RICHMOND – Today, Governor Terry McAuliffe commuted the death sentence of William Burns to life in prison without the possibility of parole. Mr. Burns has been declared incompetent to stand trial on his pending claim that he cannot be executed due to intellectual disability, and the combination of these factors—his mental illness and potential intellectual disability—have left this case in a procedural holding pattern since the early 2000s. Today’s commutation ends the cycle of court proceedings concerning this case while ensuring that Mr. Burns remains confined as a result of the horrendous crimes he committed. Governor McAuliffe’s full commutation order is below:
TO ALL WHOM THESE PRESENTS SHALL COME – GREETINGS:
In accordance with the powers granted to me as Governor of Virginia under Article V, Section 12 of the Constitution of Virginia, I, Terence R. McAuliffe, do hereby grant to William Joseph Burns, a commutation of the death sentence imposed by the Circuit Court of Shenandoah County to life imprisonment without the possibility of parole. This Commutation is based on the following:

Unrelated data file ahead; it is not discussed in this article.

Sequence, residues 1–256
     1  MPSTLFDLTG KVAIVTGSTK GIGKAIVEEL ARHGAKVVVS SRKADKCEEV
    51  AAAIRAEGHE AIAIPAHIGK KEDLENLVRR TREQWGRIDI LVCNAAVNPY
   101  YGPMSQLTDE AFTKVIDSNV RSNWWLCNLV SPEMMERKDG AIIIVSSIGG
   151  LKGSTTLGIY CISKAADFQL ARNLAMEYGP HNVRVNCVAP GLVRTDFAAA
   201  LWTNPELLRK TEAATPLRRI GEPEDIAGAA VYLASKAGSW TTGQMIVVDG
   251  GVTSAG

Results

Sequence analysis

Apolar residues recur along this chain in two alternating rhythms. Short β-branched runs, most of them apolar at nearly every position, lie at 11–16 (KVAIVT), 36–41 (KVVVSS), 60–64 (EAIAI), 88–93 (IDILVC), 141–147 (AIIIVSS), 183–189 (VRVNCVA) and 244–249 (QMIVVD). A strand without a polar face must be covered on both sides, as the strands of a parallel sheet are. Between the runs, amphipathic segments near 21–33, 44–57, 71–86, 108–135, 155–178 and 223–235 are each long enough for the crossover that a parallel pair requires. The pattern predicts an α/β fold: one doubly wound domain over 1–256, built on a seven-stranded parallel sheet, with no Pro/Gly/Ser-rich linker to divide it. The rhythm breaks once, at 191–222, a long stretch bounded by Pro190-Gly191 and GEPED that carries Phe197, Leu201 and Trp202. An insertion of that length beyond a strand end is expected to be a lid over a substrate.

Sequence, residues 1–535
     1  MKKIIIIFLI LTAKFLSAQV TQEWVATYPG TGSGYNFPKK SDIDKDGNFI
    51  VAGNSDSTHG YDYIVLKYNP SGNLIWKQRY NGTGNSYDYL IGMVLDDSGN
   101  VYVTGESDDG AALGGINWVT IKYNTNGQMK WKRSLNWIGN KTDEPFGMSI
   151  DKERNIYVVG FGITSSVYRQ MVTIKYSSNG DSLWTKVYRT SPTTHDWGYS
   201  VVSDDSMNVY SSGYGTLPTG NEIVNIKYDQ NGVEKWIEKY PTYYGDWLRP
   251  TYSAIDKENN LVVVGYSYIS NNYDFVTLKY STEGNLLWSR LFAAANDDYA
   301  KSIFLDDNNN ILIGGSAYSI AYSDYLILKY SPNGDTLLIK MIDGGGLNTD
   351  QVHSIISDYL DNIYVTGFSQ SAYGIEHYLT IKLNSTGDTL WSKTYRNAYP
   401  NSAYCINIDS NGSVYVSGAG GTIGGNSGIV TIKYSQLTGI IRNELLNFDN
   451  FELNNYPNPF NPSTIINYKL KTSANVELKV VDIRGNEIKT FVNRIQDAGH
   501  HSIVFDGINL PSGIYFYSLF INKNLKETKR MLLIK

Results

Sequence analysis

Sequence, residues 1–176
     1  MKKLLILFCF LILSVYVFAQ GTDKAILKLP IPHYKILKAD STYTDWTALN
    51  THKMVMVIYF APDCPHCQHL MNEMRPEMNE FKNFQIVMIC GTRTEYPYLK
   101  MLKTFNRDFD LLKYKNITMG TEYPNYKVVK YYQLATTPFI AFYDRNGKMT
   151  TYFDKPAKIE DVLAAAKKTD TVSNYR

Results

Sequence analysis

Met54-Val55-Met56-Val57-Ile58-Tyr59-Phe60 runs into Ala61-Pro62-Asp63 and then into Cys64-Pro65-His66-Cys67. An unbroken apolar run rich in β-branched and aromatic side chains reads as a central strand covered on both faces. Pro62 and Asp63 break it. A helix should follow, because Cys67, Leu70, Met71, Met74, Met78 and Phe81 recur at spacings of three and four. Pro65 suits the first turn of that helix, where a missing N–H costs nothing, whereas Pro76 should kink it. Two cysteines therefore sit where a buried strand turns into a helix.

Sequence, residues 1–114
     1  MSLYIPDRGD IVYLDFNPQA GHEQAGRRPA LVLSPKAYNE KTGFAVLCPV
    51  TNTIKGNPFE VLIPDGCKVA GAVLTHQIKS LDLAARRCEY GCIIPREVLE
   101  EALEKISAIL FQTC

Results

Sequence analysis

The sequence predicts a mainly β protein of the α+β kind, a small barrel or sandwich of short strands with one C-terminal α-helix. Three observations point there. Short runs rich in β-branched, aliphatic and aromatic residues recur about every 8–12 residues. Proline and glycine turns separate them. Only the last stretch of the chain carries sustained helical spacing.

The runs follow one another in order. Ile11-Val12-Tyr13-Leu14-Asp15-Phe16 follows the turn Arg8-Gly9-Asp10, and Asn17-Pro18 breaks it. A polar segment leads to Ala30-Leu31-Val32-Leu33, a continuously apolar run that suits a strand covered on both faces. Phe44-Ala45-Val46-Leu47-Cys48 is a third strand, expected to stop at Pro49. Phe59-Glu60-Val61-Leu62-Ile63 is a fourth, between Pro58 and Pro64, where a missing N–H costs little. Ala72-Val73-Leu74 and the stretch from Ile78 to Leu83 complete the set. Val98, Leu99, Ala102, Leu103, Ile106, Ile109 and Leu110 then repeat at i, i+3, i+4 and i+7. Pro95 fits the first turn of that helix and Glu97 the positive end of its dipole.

On September 21, 1998, William Joseph Burns committed the brutal rape and murder of his mother-in-law Tersey Elizabeth Cooley, who was 73 years old. He was tried and convicted of capital murder in the commission of rape and/or forcible sodomy, statutory burglary, rape, and forcible sodomy. For his capital offense, the jury imposed the death sentence on Mr. Burns. Judgment was entered on May 12, 2000, which was affirmed by the Supreme Court of Virginia on March 2, 2001.
In habeas proceedings, Mr. Burns raised the issue of intellectual disability, and his competency to stand trial had been raised and rejected during his trial. Subsequent to the judgment imposing the death sentence on Mr. Burns, the United States Supreme Court ruled in Atkins v. Virginia, 536 U.S. 304 (2002) that it was a violation of the Eighth Amendment to execute the intellectually disabled as cruel and unusual punishment.